The Office for National Statistics has pointed out in this month's Economic Review that the increasing propensity for employees to move jobs is, perhaps even more than falling unemployment, a key indicator of the labour market recovery.
What does the chart show?
The black line in the graph below supplied by the Economic Research Council is the total move rate, averaged over the previous four quarters. This is the percentage of all employees who move between one employer and another during each period.
Each coloured line shows the breakdown of the reason for the move: the blue line shows moves due to dismissals and redundancies, the red line due to resignations, the green line due to retirement, and the orange line due to "other reasons" (including a temporary job ending, poor health, family reasons, or to pursue further education).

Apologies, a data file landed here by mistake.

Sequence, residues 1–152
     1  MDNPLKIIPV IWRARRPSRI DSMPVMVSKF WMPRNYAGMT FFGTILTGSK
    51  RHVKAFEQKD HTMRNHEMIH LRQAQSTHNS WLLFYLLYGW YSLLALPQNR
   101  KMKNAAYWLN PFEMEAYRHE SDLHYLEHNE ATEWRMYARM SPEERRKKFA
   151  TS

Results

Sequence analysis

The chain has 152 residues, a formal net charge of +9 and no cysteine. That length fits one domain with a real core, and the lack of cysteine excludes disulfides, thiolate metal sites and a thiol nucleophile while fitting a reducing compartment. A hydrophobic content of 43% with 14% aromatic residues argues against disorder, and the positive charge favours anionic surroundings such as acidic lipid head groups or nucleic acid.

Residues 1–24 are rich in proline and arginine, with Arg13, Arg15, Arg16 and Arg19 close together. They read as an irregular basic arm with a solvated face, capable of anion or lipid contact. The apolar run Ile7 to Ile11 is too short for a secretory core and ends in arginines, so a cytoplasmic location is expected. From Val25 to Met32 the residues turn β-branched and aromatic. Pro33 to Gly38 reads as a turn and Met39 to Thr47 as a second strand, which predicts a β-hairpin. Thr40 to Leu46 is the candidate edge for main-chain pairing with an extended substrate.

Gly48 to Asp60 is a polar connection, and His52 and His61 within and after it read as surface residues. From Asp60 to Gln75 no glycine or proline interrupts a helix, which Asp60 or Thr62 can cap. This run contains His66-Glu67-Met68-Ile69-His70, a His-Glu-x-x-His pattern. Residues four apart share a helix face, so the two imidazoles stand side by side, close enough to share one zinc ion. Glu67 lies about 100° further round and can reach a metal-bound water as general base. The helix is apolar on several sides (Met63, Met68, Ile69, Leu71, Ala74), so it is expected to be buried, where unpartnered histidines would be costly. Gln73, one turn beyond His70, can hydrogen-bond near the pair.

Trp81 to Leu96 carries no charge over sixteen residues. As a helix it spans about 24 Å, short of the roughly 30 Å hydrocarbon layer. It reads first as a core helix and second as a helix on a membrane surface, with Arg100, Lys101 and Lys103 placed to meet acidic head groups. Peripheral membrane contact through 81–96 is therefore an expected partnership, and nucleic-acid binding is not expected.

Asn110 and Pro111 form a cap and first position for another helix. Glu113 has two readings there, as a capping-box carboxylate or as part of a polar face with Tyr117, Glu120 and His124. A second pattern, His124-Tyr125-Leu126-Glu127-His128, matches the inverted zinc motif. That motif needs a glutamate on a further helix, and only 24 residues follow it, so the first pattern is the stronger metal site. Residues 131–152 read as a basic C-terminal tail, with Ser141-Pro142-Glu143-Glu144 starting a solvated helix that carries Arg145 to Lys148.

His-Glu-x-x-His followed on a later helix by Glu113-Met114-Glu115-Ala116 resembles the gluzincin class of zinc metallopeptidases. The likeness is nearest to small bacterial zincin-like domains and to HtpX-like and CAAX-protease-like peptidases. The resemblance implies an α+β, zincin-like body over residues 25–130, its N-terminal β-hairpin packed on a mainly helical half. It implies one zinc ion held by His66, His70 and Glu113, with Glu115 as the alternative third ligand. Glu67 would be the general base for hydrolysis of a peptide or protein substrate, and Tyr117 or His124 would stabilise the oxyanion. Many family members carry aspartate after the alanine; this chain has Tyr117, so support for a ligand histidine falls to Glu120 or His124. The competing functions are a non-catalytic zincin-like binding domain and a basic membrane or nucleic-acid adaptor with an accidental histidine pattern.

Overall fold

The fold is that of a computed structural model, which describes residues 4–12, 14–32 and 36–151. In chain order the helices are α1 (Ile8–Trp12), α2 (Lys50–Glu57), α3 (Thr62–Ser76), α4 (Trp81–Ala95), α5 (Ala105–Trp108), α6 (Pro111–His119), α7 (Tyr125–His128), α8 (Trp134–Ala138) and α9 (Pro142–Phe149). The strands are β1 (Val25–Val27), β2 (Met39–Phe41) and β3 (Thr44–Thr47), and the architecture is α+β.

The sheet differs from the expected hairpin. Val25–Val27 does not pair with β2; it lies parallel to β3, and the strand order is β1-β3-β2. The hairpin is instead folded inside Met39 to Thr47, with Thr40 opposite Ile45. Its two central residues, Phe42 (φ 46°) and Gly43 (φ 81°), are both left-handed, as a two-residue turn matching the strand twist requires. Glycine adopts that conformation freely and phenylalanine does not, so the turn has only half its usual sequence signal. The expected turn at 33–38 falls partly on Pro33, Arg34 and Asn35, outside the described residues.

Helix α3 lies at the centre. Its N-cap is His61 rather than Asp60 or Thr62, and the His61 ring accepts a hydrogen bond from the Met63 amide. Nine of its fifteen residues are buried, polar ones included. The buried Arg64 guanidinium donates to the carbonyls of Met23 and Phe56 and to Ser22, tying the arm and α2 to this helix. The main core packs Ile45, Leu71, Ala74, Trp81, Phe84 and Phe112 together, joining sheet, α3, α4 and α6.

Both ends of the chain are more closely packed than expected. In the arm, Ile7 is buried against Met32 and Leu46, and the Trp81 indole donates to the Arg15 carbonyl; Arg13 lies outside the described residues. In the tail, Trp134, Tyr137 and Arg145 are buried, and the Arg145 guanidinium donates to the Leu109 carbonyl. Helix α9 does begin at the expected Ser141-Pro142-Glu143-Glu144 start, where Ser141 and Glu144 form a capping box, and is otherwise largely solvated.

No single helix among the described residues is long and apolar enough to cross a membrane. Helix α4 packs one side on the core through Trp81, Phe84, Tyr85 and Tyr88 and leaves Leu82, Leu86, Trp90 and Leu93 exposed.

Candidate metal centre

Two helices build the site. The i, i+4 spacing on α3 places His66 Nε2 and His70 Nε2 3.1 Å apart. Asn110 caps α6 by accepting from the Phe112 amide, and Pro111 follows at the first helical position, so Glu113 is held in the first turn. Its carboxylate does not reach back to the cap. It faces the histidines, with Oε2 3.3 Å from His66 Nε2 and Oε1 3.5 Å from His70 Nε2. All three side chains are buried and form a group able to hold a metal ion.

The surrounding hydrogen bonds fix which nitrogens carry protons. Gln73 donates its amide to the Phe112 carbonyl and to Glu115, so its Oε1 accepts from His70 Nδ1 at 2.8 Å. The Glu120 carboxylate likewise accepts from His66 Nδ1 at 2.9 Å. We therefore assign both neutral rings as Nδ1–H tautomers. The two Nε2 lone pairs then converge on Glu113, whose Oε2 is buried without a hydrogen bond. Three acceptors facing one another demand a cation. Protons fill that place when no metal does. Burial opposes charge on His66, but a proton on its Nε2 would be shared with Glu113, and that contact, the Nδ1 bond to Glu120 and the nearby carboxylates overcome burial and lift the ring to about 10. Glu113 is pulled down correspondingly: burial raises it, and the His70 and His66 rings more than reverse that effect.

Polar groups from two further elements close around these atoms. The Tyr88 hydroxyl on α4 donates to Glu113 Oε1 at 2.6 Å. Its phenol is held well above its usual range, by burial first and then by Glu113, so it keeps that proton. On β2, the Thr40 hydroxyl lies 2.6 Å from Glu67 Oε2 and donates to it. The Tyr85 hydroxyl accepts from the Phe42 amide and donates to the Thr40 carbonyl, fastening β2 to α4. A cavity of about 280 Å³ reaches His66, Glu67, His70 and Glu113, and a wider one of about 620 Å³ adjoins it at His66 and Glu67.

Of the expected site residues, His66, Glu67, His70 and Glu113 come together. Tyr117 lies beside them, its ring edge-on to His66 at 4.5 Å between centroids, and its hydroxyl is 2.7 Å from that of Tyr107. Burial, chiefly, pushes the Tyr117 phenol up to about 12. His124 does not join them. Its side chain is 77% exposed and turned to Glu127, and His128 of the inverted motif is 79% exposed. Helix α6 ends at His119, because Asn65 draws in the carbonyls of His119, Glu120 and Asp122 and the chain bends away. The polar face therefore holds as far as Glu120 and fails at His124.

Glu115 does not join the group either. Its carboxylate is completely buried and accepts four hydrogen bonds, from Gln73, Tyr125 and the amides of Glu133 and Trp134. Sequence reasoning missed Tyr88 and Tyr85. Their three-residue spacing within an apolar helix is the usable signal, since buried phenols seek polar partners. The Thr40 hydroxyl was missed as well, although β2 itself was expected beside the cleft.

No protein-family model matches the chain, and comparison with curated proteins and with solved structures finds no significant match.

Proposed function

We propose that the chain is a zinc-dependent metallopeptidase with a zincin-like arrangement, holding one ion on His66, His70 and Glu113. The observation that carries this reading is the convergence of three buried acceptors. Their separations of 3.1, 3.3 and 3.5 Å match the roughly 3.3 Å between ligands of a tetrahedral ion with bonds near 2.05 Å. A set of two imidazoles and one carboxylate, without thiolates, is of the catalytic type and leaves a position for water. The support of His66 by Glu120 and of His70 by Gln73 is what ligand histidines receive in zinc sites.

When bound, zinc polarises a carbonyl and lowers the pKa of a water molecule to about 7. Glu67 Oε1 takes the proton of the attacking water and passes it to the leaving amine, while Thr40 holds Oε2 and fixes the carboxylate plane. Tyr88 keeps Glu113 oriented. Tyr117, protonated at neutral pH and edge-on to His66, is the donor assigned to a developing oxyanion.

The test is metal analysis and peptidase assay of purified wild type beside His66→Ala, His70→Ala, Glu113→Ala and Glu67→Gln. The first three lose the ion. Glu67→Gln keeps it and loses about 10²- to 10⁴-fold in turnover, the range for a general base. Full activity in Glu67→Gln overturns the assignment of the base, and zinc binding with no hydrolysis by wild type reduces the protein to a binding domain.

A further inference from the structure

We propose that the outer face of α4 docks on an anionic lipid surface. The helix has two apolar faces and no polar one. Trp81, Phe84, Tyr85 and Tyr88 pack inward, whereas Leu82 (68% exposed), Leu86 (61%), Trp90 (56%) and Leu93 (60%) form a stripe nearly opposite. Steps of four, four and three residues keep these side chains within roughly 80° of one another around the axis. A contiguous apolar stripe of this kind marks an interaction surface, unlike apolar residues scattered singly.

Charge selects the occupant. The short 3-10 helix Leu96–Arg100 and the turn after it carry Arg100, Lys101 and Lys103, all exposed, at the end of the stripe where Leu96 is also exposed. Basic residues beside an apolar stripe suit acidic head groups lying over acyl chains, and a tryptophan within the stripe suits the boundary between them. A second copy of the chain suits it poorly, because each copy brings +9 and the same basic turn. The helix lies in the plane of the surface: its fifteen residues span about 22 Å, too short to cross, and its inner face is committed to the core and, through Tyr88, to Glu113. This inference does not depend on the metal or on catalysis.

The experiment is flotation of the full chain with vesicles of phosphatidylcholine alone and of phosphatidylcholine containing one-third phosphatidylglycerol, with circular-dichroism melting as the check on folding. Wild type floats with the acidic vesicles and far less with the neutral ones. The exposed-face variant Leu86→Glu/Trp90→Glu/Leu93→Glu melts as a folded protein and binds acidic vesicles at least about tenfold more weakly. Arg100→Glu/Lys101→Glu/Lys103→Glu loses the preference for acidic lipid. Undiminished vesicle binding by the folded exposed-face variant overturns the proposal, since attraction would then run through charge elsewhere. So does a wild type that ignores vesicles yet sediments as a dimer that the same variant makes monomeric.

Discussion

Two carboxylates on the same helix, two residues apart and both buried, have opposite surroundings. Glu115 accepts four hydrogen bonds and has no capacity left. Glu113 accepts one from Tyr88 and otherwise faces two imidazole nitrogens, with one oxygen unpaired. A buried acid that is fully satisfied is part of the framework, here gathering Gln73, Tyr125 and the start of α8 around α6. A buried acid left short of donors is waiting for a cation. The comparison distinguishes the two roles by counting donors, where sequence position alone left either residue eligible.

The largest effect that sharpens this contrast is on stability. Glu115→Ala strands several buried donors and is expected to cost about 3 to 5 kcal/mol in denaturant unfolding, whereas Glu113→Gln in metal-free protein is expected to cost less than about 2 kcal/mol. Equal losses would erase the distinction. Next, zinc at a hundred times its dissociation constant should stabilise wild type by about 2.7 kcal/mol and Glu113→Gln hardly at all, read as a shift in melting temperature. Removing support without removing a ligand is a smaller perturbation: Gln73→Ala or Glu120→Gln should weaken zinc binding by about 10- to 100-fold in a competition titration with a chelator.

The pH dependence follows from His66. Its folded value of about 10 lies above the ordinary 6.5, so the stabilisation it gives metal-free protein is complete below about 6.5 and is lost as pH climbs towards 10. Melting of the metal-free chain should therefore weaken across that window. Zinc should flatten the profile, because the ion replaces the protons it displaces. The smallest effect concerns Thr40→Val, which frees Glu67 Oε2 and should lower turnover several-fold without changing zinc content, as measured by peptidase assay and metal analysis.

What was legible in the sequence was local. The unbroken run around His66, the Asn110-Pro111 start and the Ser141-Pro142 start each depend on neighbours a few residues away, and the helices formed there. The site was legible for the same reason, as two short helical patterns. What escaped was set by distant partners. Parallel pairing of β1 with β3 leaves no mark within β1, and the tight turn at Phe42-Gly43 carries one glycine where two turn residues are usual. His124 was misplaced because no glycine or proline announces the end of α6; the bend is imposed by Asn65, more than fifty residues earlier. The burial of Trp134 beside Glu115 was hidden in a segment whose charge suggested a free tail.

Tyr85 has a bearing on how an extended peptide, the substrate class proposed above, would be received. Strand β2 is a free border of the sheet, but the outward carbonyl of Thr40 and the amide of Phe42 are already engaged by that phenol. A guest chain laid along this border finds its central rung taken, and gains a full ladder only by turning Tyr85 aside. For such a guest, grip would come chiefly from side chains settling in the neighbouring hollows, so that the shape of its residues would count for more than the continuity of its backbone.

Why is the chart interesting?
As the ONS points out, as employees feel more positive about the labour market, they are more likely to feel confident enough to switch jobs. You can clearly see the effect of the 2008 financial crisis, as dismissals/redundancies peaked and people choosing to leave jobs decreased. Since then, the move rate has slowly increased, but after stalling slightly in 2013 the recovery has really picked up in the last six months. In the second quarter of 2014 we reached the point where the move rate was the highest it had been since the end of 2008, and that recovery is more to do with resignations than any other cause. This is exactly what one would hope to see, as it indicates people are beginning to move jobs voluntarily due to a strong labour market.